We will proceed with setting up a court date and hopefully everything will work out smoothly! I pray that God will continue to pave the way for this little boy to become ours. He's not ours yet and anything can happen... so please pray for God's Will to be done in this little boy's life. We want him to be our son and will do our very best to provide his every need!
Wow... what a day! Day 3 started with an EXTREMELY bumpy ride! The train from the capitol city to the city our son is in was about 8 hours overnight. We had our own sleeper car, but it wasn't AMTRAK at all! It was some vinyl bench type things with maybe a piece of carpet padding under the covering. Top it all off, we were right next to the bathroom... it wasn't bathroom smell that got us, it was the smokers who were participating in nasal terrorism all night. It was pretty cold, but we dared not use the bedding that was in the car, as we have heard that it's a good way to catch scabies. Yeah, I think I'll pass thanks!
We arrived in our son's city at around 7am and met our driver and regional facilitator. It was pretty interesting as they said they almost passed us up cause we looked like the local population here. We were whisked off to meet our landlord for the next few weeks. She is a nice lady, a little older and very particular about the apartment. Basically, it is her apartment where she lives, but when Americans come over, she moves in with her daughter and sublets the apartment. It's not a bad place, definitely better than our last apartment, which, by the way, we got barged in on last night... long story, but it all got worked out without us feeling toooooo uncomfortable. This place has most of the comforts of home... cable (not one channel in English), Internet (not wireless though), kitchen, washer, etc. It's also within a 3-7 minute walk of 3 grocery stores, and one of them is a pretty large mall with a skating rink in it.
Anyway, after freshening up a bit, we went to the regional social worker's office. She is a nice lady who asked us several questions, including the one that is becoming the most asked... "Why a child with Down syndrome?" We explained it the best we could and she seemed satisfied with the answer. She asked several questions about what our son's life will be like in the states and such. It was relaxed, but she wanted the answers. Afterward, she climbed into the already crowded Chevy Aveo and we took off to the orphanage.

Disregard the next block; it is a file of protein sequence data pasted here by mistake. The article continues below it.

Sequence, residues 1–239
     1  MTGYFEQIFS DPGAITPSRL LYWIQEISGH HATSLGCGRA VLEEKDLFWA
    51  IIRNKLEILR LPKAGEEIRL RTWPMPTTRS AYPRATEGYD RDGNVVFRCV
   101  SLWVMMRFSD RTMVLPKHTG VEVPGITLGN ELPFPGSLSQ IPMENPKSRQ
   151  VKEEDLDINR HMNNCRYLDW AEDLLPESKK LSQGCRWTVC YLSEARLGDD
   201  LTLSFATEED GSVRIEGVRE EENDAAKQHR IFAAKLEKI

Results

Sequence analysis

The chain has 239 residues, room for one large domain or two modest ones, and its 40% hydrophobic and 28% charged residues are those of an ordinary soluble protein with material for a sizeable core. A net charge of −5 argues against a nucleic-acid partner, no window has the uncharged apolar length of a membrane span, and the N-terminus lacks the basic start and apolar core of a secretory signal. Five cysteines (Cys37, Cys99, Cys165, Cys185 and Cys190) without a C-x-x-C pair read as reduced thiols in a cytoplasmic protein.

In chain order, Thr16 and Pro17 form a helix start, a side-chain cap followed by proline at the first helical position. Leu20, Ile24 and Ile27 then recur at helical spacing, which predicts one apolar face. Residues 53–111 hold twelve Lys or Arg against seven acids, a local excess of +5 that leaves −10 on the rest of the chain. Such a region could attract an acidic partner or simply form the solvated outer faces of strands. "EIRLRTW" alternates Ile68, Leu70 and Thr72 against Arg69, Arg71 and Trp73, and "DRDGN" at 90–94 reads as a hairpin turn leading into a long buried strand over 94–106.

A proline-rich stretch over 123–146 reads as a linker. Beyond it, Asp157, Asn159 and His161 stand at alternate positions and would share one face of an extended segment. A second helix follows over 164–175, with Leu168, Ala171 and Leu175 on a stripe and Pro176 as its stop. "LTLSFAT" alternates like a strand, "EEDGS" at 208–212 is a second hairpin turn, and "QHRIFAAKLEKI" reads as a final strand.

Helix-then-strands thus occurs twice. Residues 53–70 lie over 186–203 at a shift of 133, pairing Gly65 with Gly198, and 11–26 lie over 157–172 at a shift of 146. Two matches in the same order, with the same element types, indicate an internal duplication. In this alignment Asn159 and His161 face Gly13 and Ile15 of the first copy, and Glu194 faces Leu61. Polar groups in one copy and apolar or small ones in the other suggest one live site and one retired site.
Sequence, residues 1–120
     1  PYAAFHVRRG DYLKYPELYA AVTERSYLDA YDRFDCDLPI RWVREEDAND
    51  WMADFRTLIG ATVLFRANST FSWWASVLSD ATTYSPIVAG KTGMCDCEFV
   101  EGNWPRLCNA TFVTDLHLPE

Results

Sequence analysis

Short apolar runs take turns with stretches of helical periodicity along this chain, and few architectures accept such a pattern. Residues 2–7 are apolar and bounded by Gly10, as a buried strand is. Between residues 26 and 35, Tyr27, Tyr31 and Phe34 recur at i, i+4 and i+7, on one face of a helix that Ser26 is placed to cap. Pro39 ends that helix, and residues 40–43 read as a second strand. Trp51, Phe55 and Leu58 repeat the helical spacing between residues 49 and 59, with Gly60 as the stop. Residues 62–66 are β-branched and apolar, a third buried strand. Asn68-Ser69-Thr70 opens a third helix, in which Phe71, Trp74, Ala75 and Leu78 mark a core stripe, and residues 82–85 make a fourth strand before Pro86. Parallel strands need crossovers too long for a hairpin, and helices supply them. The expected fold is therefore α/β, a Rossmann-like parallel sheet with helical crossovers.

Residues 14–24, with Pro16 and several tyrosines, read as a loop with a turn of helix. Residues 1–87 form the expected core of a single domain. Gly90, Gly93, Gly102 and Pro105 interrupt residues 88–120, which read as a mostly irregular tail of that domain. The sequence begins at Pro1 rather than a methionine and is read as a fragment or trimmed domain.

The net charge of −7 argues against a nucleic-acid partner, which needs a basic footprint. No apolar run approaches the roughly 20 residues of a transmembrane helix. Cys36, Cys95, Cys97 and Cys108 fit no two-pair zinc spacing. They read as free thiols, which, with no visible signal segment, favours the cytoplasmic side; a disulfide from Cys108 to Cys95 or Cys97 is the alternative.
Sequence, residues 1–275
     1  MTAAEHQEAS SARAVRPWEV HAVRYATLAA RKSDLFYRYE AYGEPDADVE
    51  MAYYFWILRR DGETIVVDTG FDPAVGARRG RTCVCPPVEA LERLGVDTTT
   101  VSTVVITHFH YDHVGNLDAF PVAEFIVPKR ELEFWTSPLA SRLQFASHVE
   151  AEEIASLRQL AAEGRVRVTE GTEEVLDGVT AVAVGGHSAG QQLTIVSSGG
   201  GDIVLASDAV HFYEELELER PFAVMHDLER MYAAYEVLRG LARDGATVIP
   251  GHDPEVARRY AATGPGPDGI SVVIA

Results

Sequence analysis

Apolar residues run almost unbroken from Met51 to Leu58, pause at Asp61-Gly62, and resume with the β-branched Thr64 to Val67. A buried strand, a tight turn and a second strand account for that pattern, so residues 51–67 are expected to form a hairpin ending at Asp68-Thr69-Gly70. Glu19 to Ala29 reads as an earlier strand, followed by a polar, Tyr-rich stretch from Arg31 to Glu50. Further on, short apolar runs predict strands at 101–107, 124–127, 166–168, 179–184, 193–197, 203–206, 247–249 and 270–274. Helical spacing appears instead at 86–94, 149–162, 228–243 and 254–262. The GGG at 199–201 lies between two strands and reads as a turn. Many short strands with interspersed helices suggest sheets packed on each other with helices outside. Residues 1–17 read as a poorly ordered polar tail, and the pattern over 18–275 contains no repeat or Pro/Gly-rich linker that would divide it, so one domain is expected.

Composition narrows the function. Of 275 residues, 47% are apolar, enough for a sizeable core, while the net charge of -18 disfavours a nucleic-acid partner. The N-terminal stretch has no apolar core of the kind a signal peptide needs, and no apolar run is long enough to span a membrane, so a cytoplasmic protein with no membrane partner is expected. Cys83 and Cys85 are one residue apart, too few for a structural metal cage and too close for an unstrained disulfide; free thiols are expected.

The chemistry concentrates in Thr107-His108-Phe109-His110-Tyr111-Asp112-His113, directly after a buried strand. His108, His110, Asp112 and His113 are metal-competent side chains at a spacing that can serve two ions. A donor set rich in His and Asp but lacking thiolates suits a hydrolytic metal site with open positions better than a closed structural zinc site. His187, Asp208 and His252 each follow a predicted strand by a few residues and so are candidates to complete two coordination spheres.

Everything on the way was very dirty and is not anything you could really imagine. The roads are all confusing, the drivers are all crazy, and you wonder how these people could live like this. We arrived at a gated compound with the most green grass I have seen since arriving in this country. Our facilitator took us through the gate and up a walkway to the front door. As we approached, the door opened and several children came pouring out as they prepared to go to the playground. One little boy at the front of the line stopped, got the biggest grin on his face, locked eyes with us and began to wave to us! My heart melted and broke for this little guy! I felt tears welling up in my eyes, and could not imagine how or why anyone... ANYONE... could turn their back on this little fella! They were promptly ushered to the playground, while we were left facing the door.
As we walked in, the smell of lunch being made was very prominent. I know many of us have the idea that kids in orphanages get gruel or porridge for meals. Well, if that's what this was being cooked, sign me up. It smelled like some amazing vegetable beef soup being simmered. I pray that this is what these children are getting anyway. We were shown into an office and there were several women in white doctor's coats. Come to find out there was a big inspection at the orphanage and we have to be very fast with our visit, so the officials would not begin asking questions about us, our immunizations, etc. The doctors went over our son's file piece by piece. He's a healthy little boy, and that is the most important.
We were told to "disappear" due to the inspection and we took off to do paperwork. We literally drove all over this city. We went down some streets that I think the pot-holes would rival a Mississippi washed out dirt road! I think at one point the entire care was in a pot-hole! How these people navigate over here is beyond me. Nothing seems marked, and some of the places we had to go were literally down alley ways behind apartment complexes, where you'd have to drive under steam pipes to continue traveling down roads. It was pretty crazy.
It was an exhaustingly long day, but oh so rewarding. Tomorrow starts 2-A-Day visits!